A close look at the highest value players reveals a few patterns:


The oldest player in our Top 50 is 28. The grand majority of them are in their early- to mid-twenties. This is because trade value is forward-looking, and teams value players who are either in their prime already, or near to it (and project to hit it) during their period of control. Another benefit of age is relatively low injury risk. These guys have less wear and tear on them than veterans in their 30s.

Years of control

The grand majority of our Top 50 have at least four years of remaining control. This is generally because the more control you have with good players, the more the surplus adds up. You’ll even see players on this list who, you might think, have not fully established themselves yet at the major-league level, such as [baseball-trade-values-player-link player="7687"], Vladimir Guerrero, Jr., and[baseball-trade-values-player-link player="8571"]. That’s because there is consensus among all the projection systems and evaluators that they will be highly productive players, and all have multiple years ahead of them.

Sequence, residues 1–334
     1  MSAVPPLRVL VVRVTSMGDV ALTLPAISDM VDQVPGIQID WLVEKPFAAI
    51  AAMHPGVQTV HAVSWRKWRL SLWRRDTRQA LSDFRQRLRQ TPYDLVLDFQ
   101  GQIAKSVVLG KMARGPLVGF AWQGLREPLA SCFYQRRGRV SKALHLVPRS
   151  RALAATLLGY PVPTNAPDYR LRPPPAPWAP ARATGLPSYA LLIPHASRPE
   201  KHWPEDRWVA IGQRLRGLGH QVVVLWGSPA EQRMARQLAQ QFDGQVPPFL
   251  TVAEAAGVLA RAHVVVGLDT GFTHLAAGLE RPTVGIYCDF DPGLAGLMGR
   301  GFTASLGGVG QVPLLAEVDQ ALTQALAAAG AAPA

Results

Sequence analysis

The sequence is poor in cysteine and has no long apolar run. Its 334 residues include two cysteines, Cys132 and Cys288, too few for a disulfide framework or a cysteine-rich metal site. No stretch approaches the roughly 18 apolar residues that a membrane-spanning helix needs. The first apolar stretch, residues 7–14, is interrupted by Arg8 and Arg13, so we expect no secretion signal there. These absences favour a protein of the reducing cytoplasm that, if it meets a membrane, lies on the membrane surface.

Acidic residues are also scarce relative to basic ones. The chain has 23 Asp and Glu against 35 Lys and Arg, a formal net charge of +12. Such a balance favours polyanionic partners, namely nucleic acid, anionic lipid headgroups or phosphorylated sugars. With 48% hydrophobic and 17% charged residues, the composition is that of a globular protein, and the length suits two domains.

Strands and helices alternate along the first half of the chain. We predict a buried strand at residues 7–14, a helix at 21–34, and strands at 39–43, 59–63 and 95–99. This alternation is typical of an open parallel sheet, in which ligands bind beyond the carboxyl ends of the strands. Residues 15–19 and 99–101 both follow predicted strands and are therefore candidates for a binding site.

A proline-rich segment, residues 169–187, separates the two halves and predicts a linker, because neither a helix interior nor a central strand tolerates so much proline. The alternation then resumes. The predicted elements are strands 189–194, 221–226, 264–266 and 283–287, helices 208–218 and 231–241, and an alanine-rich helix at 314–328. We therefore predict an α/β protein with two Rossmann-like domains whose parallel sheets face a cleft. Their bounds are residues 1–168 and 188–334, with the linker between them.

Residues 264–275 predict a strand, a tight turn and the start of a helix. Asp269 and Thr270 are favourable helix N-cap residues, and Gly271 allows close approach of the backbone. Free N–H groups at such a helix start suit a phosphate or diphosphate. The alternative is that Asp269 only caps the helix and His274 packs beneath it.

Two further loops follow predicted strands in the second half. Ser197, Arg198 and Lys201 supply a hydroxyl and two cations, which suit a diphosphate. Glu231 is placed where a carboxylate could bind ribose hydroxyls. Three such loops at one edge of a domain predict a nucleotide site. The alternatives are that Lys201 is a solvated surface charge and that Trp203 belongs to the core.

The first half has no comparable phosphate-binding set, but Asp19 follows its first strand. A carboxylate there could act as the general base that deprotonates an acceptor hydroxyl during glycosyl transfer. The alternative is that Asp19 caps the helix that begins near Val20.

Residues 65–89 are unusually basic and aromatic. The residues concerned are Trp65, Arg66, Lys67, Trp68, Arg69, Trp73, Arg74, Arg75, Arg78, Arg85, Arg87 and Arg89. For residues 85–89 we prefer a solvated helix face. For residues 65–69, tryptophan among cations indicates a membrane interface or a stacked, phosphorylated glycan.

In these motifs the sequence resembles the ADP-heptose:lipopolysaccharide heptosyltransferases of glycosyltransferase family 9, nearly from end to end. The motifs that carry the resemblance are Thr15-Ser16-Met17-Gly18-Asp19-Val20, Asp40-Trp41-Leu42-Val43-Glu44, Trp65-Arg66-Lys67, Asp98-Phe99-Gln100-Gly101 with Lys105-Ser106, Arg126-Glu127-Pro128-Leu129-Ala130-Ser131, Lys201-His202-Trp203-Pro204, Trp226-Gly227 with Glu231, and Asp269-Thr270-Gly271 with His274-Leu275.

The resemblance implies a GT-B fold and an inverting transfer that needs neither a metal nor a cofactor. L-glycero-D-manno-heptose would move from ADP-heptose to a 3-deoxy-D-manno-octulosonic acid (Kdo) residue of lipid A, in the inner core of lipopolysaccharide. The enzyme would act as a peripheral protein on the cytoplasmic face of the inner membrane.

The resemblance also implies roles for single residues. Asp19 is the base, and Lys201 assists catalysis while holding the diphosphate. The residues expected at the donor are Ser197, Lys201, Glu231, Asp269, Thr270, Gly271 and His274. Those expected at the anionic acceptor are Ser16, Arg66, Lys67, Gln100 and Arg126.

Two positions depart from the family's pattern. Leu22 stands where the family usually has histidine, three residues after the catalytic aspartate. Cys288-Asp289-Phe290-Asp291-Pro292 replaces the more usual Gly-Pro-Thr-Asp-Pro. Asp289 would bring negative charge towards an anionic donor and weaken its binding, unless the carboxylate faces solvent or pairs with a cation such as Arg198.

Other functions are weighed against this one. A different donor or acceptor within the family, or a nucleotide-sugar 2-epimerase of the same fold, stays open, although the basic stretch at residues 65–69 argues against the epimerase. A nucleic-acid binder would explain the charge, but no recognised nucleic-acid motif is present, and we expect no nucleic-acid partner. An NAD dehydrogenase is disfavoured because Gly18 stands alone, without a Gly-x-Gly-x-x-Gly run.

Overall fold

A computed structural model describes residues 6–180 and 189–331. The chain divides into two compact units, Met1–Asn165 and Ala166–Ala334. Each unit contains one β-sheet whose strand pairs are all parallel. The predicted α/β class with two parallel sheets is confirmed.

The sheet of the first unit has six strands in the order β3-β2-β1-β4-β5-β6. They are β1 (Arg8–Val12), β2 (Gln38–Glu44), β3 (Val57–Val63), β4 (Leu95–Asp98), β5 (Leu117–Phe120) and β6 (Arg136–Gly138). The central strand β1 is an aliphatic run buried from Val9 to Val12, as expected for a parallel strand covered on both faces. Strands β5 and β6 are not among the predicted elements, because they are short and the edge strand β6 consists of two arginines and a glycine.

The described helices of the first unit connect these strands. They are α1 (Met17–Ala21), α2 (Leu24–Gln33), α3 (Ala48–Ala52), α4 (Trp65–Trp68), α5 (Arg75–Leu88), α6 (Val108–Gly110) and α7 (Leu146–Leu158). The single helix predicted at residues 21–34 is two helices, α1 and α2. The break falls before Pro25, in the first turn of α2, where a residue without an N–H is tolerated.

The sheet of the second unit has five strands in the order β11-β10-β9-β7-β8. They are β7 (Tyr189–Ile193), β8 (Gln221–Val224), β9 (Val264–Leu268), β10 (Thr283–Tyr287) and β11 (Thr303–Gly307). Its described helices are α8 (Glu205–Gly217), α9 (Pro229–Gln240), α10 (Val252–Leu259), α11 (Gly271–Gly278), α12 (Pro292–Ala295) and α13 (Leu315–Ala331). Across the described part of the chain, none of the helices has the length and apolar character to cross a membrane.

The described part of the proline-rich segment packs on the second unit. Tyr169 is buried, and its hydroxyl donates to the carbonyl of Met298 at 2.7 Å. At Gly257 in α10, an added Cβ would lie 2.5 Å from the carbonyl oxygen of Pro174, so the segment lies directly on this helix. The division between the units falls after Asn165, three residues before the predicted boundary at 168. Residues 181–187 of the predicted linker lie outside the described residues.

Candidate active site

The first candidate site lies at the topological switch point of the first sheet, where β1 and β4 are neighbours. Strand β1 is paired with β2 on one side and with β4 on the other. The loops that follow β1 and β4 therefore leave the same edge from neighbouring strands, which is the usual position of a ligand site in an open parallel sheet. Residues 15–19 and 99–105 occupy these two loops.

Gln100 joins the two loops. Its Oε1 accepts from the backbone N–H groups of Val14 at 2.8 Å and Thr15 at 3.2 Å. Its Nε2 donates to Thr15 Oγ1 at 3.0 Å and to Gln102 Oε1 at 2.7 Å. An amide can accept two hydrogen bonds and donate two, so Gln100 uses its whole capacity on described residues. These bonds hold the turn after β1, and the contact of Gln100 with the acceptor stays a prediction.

Affordable salary

Several players on this list are on contracts so cheap, relative to their field value, that their surplus is high more so for that reason than because they’re superstars. Ozzie Albies signed a contract so ridiculously cheap, relative to his fair-market value, that the entire industry was shocked. He’s No. 5 on our list mostly because he’s due to make only $41M over the next six years. That’s highway robbery. Others who fit this profile include Ketel Marte (due to make only $37.2M over the next six years), [baseball-trade-values-player-link player="9007"](projected to make $23M over the next four years) and [baseball-trade-values-player-link player="8620"](who’s owed $38M over the next five years).